The Urgency for Prison Reform: A Call for Holistic Solutions

The Urgency for Prison Reform: A Call for Holistic Solutions
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A Call for Holistic Solutions

The recent decision by the Minister of Interior, Olubunmi Tunji-Ojo, to release 4,068 inmates as a strategic move to decongest Nigeria’s correctional centers is a commendable step. However, this should be viewed as the initiation of a broader program aimed at overhauling the prison system, involving the federal and state governments, as well as the judiciary.

The Minister, speaking at the Medium Security Custodial Centre in Kuje, highlighted the dire situation in correctional facilities, with an approximate population of 80,804 inmates surpassing the intended capacity of about 50,000. The release targeted inmates with fines and compensations not exceeding N1 million, primarily aiding indigents unable to settle their dues, granting them a second chance at freedom.

Overpopulation in correctional facilities is a longstanding issue in Nigeria. Data from 2021 revealed that the combined capacity of correctional centers was 50,083 inmates, yet they held 70,056. The World Prison Brief estimated an official capacity of 50,153 and an actual population, including pretrial detainees, at 81,134, reflecting an alarming occupancy rate of 136.7 per cent.

Various factors contribute to this overpopulation crisis.

Arbitrary arrests by the police, slow-paced justice delivery, shortage of judges, and shoddy investigation of criminal cases result in a high number of individuals awaiting trial or judgment. Approximately 70 per cent of Nigeria’s total prison population consists of inmates serving time without being sentenced.

Civil Society Organizations (CSOs) also point out issues such as the overuse of prison sentences, a challenging bail system, and reluctance from magistrates to grant bail, even for bailable offenses.

Despite the change in nomenclature from ‘Nigerian Prisons Service’ to Nigerian Correctional Service, overcrowding remains a significant obstacle to achieving international standards for the treatment of prisoners, as outlined by the United Nations in 2015. Many prisons, built decades ago, lack modernization and reconstruction to accommodate the growing detainee population. As a result, the primary objective of positively reforming prisoners is often defeated, with many individuals becoming more deeply entangled in criminal activities during and after their time in prison.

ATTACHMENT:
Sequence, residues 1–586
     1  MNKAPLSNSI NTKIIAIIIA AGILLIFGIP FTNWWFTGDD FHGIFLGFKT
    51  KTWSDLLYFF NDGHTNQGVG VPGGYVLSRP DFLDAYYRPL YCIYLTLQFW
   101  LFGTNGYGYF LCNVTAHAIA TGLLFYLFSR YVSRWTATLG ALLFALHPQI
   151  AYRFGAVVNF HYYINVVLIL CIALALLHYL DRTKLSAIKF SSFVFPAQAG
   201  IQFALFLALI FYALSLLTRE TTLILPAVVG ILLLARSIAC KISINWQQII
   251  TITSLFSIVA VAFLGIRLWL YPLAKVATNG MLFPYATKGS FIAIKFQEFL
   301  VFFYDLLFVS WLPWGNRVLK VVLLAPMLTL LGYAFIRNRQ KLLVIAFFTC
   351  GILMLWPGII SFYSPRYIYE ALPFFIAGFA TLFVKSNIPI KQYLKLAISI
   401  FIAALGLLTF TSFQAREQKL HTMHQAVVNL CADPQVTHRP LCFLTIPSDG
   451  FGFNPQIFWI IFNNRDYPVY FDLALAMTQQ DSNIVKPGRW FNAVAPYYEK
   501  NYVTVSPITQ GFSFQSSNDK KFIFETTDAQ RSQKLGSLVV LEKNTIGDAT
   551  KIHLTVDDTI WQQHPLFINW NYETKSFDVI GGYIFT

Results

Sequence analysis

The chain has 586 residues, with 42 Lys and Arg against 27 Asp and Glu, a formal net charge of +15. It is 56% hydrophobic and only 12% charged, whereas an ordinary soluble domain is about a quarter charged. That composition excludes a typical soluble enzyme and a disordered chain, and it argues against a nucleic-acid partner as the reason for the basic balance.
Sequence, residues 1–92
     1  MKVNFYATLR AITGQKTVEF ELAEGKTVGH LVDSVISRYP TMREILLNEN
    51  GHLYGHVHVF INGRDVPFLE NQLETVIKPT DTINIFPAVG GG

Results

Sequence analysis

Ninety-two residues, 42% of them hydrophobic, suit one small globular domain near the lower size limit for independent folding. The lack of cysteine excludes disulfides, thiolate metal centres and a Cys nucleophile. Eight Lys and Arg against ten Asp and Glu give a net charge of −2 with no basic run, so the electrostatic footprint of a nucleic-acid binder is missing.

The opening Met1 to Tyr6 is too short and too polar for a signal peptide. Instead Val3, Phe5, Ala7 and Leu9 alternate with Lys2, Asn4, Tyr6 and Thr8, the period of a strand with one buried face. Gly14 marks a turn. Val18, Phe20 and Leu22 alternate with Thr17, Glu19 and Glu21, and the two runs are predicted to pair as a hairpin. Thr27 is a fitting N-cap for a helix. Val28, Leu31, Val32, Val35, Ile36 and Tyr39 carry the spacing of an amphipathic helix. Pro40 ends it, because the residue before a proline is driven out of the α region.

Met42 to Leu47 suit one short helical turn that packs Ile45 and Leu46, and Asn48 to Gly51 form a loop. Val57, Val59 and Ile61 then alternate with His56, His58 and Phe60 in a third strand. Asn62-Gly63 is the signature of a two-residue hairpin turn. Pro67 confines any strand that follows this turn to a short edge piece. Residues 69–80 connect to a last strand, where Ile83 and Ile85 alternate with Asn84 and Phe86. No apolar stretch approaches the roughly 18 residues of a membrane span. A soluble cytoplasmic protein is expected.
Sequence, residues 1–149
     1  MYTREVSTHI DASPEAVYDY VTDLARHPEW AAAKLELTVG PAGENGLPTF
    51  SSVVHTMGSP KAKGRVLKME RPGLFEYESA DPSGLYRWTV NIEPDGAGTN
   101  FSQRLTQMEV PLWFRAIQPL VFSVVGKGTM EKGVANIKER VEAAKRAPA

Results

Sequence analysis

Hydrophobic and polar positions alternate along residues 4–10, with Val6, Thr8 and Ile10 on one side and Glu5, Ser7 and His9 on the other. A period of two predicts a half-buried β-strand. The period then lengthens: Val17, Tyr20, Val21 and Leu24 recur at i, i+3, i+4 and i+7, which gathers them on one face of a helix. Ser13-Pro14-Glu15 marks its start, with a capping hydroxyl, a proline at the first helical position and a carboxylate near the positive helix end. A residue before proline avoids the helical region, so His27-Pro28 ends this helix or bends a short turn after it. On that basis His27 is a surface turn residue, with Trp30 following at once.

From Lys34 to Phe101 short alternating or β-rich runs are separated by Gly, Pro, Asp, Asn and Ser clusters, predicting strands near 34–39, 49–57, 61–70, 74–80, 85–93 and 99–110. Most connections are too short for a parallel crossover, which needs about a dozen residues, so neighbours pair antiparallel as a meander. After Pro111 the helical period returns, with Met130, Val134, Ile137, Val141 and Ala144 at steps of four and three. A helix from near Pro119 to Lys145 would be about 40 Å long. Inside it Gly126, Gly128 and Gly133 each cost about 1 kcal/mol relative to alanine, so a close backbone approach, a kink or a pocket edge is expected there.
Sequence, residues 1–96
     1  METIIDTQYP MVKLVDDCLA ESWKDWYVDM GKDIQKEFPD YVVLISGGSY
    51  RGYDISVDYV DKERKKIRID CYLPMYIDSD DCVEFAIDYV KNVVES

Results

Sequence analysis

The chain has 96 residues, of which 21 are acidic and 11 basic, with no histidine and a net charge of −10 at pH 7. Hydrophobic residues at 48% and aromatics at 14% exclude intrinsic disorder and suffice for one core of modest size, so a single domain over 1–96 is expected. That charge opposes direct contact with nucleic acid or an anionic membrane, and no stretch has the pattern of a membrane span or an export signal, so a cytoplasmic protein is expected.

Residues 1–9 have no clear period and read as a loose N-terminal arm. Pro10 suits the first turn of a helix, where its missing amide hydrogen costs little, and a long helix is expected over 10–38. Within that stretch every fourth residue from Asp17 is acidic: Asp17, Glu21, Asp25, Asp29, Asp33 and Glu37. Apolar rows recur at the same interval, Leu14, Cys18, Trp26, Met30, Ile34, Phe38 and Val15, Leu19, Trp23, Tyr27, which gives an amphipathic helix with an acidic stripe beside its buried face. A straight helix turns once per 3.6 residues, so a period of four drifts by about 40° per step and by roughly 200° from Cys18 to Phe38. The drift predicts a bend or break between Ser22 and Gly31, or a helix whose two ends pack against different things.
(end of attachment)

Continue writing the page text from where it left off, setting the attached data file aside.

To address these systemic challenges, holistic reforms are imperative:

  1. Devolution of the Prison System: Allowing states to build and manage prisons, as was the practice in the First Republic, can provide a decentralized approach. Private organizations, under strict regulations and oversight, should be permitted to operate correctional facilities. Several countries, including the United States, England, South Africa, Brazil, and Chile, have successfully implemented various degrees of prison privatization.
  2. Specialized Courts and Speedy Trials: Establishing specialized courts and expanding existing ones can significantly contribute to swift trials and justice delivery. This would help alleviate the backlog of cases that often lead to prolonged stays in pretrial detention.
  3. Full Implementation of NCS Act 2019: The NCS Act, which empowers state controllers to reject intakes when facilities are full and mandates the separation of custodial and non-custodial sentencing, should be fully implemented. This will ensure a more streamlined and efficient correctional system.

Minister Olubunmi Tunji-Ojo’s commitment to prison decongestion should be sustained, with a vision to leave a lasting legacy of comprehensive prison reform. The urgency for change is evident, and concerted efforts from all stakeholders are crucial to transforming Nigeria’s correctional system into one that genuinely focuses on rehabilitating inmates and steering them away from a life of crime.

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